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    Chloe Kim is solid gold in women’s halfpipe

    Mandatory Credit: Photo by SERGEI ILNITSKY/EPA-EFE/REX/Shutterstock (9374951bb) Chloe Kim of the US in action during the Women's Snowboard Halfpipe final at the Bokwang Phoenix Park during the PyeongChang 2018 Olympic Games, South Korea, 13 February 2018. Snowboard - PyeongChang 2018 Olympic Games, Bongpyeong-Myeon, Korea - 13 Feb 2018
    SERGEI ILNITSKY/EPA-EFE/REX/Shutterstock
    Chloe Kim flies high in the halfpipe.

    PYEONGCHANG, South Korea — Chloe Kim had already won the gold medal.

    The other 11 competitors in the women’s halfpipe had finished their third and final runs here at Phoenix Snow Park, none able to top the 93.75 that Kim threw down in her first run.

    But she wasn’t satisfied, having fallen in her second run and wanting to prove to herself that she could stomp her run and improve her already high marks. So the 17-year-old from Long Beach, Calif., put “MotorSport” by Migos in her headphones, and dropped in for her final run.

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    She dazzled to the oohs and ahhs of the otherwise mellow crowd as she climbed into the air, twisting her body this way and that way, stomping all her landings. She tallied a 98.25 to capture the United States’s 99th all-time Winter Olympics gold medal.

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    No other competitor cracked the 90 mark.

    “Definitely could’ve improved a little bit from the third run,” said Kim. “I’m kind of hard on myself, but I’m really happy with the way I was able to handle the pressure today.”

    Kim, whose parents immigrated from South Korea to the US more than 20 years ago, draped an American flag over her shoulders in the finish area, hugged her teammate, Arielle Gold, who had won bronze, and took her place on the podium for the event ceremony (the medal ceremony would come later), before finding her family at the bottom of the pipe.

    Her grandmother was in attendance, the first time she has been able to see her granddaughter compete.

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    “I actually found out after my second run that she was at the bottom,” Kim said. “I was like, ‘This one’s for Grams.’ So being able to put that down was awesome. I hope she enjoyed watching me and I can’t wait to go shopping with her.”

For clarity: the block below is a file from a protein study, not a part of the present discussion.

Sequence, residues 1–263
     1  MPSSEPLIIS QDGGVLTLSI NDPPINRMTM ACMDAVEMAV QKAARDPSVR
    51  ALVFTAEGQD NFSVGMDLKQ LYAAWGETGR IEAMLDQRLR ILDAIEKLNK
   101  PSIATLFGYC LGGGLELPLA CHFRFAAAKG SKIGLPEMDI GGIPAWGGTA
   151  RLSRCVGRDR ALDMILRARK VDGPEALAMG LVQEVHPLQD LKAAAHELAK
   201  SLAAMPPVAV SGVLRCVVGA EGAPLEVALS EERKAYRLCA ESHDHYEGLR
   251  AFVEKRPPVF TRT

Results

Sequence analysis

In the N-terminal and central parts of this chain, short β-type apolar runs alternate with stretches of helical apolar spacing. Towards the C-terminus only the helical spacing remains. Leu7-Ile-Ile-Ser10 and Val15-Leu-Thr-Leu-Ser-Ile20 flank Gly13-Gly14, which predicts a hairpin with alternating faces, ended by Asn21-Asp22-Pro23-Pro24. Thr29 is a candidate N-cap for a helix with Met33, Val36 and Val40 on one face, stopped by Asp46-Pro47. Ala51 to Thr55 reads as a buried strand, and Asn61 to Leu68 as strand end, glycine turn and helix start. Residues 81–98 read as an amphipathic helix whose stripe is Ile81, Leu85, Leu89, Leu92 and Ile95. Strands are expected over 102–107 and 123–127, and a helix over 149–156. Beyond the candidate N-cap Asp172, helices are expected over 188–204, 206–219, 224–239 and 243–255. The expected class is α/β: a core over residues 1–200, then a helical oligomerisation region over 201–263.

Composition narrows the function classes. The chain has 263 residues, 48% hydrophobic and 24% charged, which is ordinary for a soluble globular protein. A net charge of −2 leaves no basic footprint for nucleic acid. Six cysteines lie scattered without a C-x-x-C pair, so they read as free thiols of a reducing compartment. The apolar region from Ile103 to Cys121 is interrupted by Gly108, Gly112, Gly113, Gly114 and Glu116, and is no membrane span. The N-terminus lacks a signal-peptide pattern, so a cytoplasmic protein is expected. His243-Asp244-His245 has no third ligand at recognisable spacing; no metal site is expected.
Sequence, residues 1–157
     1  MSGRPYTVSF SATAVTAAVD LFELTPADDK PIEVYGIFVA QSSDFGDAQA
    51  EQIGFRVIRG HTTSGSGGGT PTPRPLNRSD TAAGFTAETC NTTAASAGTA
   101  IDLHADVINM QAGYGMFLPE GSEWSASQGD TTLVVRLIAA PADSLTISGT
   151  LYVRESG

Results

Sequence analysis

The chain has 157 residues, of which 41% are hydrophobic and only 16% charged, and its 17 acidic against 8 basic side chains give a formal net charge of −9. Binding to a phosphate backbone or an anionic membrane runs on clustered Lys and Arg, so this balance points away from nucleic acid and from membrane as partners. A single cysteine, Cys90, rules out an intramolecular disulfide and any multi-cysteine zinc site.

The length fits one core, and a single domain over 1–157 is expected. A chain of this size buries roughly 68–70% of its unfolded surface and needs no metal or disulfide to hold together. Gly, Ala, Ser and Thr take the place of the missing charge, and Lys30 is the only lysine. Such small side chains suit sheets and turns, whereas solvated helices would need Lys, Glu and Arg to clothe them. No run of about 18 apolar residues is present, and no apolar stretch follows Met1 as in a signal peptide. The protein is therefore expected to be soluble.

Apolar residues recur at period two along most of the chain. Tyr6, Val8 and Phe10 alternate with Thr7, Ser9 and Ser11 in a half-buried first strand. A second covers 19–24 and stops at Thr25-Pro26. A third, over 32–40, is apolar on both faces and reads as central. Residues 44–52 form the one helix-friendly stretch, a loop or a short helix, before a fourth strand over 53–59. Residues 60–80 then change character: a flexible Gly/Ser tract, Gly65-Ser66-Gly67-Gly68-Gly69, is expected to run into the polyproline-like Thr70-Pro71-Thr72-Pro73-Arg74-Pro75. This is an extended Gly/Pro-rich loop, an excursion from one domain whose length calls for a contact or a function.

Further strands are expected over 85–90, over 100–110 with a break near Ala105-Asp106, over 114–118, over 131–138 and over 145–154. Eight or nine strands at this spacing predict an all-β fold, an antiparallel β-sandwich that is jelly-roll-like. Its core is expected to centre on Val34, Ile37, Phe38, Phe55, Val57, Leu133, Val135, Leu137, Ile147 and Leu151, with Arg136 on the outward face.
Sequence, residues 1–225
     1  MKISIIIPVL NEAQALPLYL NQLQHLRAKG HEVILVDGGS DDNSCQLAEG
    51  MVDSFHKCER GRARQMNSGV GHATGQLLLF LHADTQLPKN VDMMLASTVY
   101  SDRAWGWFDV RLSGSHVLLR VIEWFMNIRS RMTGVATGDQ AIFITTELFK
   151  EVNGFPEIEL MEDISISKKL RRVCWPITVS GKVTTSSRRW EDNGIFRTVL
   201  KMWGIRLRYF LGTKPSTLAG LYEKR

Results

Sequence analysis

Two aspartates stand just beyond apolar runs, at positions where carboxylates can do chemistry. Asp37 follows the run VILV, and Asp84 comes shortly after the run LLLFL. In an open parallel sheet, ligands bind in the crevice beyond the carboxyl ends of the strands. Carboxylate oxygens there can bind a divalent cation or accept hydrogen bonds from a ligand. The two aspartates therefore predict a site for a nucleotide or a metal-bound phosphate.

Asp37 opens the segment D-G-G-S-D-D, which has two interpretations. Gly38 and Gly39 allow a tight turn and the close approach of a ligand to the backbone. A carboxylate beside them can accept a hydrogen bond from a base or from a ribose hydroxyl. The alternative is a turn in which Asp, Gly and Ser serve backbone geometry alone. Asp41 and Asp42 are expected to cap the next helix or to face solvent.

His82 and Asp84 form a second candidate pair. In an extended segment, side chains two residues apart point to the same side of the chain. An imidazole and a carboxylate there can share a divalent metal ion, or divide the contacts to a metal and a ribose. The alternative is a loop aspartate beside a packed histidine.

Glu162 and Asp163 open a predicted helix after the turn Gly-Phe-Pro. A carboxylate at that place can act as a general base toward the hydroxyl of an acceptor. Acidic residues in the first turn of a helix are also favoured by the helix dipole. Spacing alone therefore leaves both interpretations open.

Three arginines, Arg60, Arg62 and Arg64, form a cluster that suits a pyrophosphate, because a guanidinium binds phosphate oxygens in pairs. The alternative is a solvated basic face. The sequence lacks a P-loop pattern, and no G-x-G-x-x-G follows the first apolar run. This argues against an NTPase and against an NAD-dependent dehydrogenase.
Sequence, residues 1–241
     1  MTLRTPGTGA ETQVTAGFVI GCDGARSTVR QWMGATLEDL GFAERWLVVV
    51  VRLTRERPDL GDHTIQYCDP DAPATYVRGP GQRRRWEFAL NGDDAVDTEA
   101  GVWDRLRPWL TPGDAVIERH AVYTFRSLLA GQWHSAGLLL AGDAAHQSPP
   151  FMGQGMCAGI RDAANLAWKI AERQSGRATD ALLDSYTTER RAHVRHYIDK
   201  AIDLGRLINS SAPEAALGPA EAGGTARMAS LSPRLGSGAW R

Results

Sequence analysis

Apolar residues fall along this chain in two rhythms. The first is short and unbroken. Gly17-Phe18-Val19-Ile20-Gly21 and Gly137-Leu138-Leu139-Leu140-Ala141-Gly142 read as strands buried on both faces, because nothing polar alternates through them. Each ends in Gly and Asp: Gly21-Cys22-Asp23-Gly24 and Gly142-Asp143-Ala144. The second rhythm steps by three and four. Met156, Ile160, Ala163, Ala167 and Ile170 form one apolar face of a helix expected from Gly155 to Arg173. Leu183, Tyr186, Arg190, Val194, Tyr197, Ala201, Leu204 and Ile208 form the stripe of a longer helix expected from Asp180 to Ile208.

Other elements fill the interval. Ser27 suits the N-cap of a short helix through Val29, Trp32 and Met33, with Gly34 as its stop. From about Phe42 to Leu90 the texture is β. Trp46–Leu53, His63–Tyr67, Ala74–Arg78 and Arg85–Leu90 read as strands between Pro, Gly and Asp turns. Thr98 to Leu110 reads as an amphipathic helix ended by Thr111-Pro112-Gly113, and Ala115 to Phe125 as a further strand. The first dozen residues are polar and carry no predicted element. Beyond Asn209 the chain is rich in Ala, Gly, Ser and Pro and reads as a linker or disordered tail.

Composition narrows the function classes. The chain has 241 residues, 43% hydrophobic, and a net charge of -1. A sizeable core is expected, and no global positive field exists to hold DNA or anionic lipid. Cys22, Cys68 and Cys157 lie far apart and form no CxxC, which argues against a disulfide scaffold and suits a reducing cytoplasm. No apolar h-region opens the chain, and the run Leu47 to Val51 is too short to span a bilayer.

In the family area, Kim’s mother, Boran Yun Kim, was in tears. Her sister was bawling as well. But her father, Jong Jin Kim, who famously quit his engineering job 10 years ago to help Chloe pursue snowboarding, did not cry, much to Chloe’s confusion.

    “I have no time to cry,” Jong Jin said. “Maybe I’m going to cry when I go back home.”

    Chloe would be busy for the next few hours, fulfilling media and sponsor obligations, and hopefully getting to eat. She tweeted in the middle of Monday’s qualification that she wanted some ice cream; in between runs Tuesday, she tweeted that she regretted not finishing her breakfast sandwich and declaring that she was “hangry” (a combination of hungry and angry).

    “I’m so hungry,” she said in the news conference after the competition, where she was easy-going and goofy, taking videos with Gold and Jiayu Liu of China, who won silver, for her Instagram story.

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    She could go for a burger and fries, a pizza, maybe Hawaiian, she said. But that would have to wait. Her celebration in the immediate was simple.

    “I think me going to bed will be a celebration today,” she said.

    Back home is where the real celebration will take place for the Kim family. Her mother is the party planner of the group, throwing get-togethers at their house.

    “So she’ll probably get something together for a little party for our family and friends — right, mom?” Kim said to her mother, who was sitting in the back of the news conference room. “Party?

    “Yeah! Big party!” Boran Yun replied.

    “Yeah, so I think all the celebrating is going to happen at home,” Chloe said. I’m so excited.”